Second, while it is true that this type of pool may be somewhat safer when its bottom rests on the ground and its shallowness is consequently apparent, the pool's intended above-ground use can hardly be characterized as a "safety feature." As plaintiff's expert noted in his affidavit, vinyl above-ground pools, which were first marketed to the American consumer about 30 years ago, were designed to eliminate the expense of excavating and laying down a concrete or tile liner, thereby making pool ownership available to a wide spectrum of consumers (see also, Broder, The Hazards of Swimming Pools, NYLJ, Mar. 4, 1991, at 3, 5). This "above-ground" feature had both a positive and a negative effect: on the one hand, it drastically reduced the cost of private backyard pools; on the other hand, it imposed severe limitations on the possible depth of such pools, thereby creating a greatly enhanced risk of injury to users (see, e.g., Kriz v Schum, supra; Howard v Poseidon Pools, 72 N.Y.2d 972; Manning v Manning, 72 N.Y.2d 972; Smith v Stark, 67 N.Y.2d 693). The majority's effort to transform this commercially useful feature into its own "warning" or "safety" device stretches that concept well beyond its ordinary bounds.
In truth, in-ground installation was not a change in the pool's "configuration" or a conscious bypassing of a built-in safety feature (see, majority opn, at 532-533; Robinson v Reed-Prentice Div., supra, at 480), but rather was simply an unintended use of this four-foot vinyl pool. Accordingly, consistent with all of the prior unintended use cases including Denkensohn (supra, at 36), the extent to which this particular departure from the above-ground pool's intended use constitutes a defense to plaintiffs' claim should depend on whether it was foreseeable.
In Robinson, the plexiglass section of the machine that was mutilated was obviously a part of a safety gate and, accordingly, there was no doubt that the "safety feature" designed by the manufacturer had been consciously bypassed. Here, in contrast, the intended above-ground use of the pool was not so clearly a "safety feature," at least in the absence of a warning to that effect. Consequently, it cannot be said that this "safety feature," to the extent it may be reasonably characterized as such, was deliberate or conscious, as Robinson apparently requires.
Despite its reliance on Robinson, the majority appears to acknowledge that liability could attach if Seaspray had been aware that these above-ground pools were being installed in the ground. Yet, the majority nonetheless finds reason to dismiss plaintiffs' claim because, in its view, plaintiffs' expert evidence on this point was both "unsupported" and "conclusory." The expert, however, stated clearly and specifically that the practice of installing above-ground pools below ground level so as to convey the appearance of an in-ground pool "is well known in the pool industry" and "for many years * * * [has] been a common practice." Such a statement, made by an expert with 30 years' experience in the safety and construction of vinyl pools, would, if believed by a jury, surely have been sufficient to support a finding that Seaspray knew, or at least should have known, that its products might well be installed in the ground by end users, creating an enhanced risk of diving injuries. Indeed, this expert's statement was no more "conclusory" than the expert evidence in Denkensohn, which the Court accepted as being probative on the issue of whether the plaintiff's misuse of the defendant manufacturer's product was "predictable" ( 75 N.Y.2d, at 36, supra [emphasis supplied]).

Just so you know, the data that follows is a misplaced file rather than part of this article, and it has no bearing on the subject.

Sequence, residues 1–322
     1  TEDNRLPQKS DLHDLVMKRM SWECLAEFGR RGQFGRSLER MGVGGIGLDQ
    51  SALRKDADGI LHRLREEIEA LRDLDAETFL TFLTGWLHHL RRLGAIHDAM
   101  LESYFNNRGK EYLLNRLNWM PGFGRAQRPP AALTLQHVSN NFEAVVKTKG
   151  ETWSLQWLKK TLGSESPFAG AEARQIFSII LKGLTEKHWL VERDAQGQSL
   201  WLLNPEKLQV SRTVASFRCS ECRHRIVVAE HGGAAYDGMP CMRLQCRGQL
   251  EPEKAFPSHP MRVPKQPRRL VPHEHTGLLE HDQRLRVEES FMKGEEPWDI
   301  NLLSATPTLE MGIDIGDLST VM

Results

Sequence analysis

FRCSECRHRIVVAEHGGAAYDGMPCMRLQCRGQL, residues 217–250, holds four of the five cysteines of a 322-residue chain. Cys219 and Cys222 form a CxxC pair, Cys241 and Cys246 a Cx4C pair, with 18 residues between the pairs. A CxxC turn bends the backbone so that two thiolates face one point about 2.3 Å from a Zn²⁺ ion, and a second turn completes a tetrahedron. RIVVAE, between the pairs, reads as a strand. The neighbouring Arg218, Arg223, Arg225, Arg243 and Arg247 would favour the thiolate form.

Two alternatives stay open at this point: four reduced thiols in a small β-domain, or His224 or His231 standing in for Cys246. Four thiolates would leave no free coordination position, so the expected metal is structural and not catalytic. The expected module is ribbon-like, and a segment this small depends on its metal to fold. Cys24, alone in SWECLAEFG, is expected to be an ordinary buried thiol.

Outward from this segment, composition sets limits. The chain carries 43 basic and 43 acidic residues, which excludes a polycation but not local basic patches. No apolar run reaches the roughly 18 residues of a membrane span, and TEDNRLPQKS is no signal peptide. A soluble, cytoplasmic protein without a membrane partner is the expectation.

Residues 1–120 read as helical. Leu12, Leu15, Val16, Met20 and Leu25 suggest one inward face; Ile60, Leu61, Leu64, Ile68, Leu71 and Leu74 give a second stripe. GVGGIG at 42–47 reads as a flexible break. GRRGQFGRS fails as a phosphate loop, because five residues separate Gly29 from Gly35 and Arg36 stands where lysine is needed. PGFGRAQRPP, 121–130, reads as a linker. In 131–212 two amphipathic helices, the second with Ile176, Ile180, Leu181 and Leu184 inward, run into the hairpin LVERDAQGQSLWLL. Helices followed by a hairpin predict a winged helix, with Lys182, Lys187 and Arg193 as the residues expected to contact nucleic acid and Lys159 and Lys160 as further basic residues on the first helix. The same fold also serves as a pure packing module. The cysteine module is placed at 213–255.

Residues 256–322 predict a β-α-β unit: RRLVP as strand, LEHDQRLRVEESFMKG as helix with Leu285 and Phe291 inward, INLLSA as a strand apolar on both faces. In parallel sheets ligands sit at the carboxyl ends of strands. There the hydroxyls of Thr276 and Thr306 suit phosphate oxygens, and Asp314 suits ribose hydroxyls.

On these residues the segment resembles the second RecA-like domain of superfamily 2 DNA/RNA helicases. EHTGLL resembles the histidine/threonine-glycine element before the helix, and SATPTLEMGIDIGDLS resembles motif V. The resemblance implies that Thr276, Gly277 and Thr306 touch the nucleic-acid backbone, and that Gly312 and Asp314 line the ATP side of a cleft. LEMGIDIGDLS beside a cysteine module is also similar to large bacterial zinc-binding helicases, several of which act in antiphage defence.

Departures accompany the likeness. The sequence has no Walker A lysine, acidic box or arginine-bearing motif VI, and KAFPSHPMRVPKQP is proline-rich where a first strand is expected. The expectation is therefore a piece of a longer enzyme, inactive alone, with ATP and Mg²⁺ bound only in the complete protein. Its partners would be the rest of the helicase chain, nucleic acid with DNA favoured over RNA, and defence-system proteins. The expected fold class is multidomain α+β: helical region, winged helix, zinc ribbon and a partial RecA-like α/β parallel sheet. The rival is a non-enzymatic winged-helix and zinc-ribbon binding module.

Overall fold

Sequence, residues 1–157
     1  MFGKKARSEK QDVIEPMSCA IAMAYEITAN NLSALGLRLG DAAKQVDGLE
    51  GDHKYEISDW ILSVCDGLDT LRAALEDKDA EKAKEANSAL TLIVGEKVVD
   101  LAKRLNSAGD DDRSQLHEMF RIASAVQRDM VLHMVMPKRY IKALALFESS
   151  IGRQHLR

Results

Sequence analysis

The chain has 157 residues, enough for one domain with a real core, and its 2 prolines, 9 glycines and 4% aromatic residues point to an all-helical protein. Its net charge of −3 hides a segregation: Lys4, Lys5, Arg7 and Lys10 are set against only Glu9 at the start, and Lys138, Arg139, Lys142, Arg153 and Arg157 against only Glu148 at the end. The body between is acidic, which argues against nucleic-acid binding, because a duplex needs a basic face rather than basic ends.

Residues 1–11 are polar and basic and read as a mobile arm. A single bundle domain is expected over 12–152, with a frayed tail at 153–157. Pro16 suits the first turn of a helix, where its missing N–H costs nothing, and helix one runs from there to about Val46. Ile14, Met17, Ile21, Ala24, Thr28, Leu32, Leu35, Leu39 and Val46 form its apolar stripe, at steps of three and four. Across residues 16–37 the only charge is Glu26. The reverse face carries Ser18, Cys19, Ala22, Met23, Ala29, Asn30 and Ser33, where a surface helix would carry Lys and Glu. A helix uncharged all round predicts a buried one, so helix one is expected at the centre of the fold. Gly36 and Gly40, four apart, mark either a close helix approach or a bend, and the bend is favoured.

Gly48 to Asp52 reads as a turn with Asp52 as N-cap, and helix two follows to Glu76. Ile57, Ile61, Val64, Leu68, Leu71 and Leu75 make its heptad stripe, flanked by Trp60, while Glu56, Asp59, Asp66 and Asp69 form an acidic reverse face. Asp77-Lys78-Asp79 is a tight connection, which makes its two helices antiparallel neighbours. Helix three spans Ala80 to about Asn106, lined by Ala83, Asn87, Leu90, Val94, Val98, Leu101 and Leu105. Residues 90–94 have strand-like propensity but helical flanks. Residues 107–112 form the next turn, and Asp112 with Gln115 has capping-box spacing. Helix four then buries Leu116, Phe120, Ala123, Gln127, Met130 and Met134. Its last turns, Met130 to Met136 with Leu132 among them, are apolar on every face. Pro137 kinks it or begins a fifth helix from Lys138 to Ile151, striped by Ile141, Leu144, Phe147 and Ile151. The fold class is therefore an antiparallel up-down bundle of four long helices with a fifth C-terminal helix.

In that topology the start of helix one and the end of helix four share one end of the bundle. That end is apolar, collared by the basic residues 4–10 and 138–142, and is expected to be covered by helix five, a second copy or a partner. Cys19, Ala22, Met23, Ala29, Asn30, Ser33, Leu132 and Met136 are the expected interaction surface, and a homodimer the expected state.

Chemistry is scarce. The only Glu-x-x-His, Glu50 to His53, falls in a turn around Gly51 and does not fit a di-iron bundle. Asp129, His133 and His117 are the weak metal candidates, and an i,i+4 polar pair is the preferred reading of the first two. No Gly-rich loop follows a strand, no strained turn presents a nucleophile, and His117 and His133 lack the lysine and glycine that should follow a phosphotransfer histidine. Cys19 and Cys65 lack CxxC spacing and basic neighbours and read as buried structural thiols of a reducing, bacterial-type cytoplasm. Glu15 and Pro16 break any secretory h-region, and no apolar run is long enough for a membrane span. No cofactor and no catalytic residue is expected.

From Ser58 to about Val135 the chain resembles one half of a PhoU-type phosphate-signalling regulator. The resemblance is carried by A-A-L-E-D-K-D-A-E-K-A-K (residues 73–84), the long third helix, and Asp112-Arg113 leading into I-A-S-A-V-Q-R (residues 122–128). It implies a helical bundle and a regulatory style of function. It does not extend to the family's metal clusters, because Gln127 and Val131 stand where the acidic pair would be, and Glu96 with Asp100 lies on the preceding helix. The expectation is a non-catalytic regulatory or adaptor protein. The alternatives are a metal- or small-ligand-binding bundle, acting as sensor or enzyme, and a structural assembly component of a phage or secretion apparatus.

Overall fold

As to the majority's alternative objection to the experts' affidavit as "unsupported," I know of no rule of law or prior precedent that considers expert evidence suspect or of such reduced quality that corroboration is, as a matter of law, required. To the contrary, in Nallan v Helmsley-Spear, Inc. ( 50 N.Y.2d 507, 521) we accepted an expert's statement on the deterrent effect of security guards as sufficient, in itself, to establish a prima facie claim of causation for submission to the jury (accord, Martin v Edwards Labs., 60 N.Y.2d 417, 428-429 [accepting expert physician's affidavit as sufficient to satisfy plaintiff's obligation of going forward to defeat defense motion for dismissal]). The expert's assertion here is entitled to be treated in the same manner, i.e., as sufficient, in itself, to raise a triable question of fact. The authorities on which the majority relies for the proposition that "`facts or data'" are required to substantiate an expert's statements (majority opn, at 534, n 2) are not helpful for the simple reason that the expert assertion at issue here — that an in-ground installation of these pools is an industry-wide practice — is a factual allegation and not a statement of conclusion or opinion.
In effect, by dismissing these plaintiffs' expert evidence as "conclusory," the majority has reached beyond its mandated "issue finding" function on these summary judgment motions and has instead improperly resolved a disputed factual issue on the basis of its view of the evidence's weight. The result is that a potentially meritorious claim against a manufacturer that did not see fit either to provide adequate depth markers or to warn against the dangers of in-ground installation has been foreclosed. Since, in my view, plaintiffs' claim against Seaspray is one that ought to be decided by a jury, I dissent from Court's decision to dismiss it.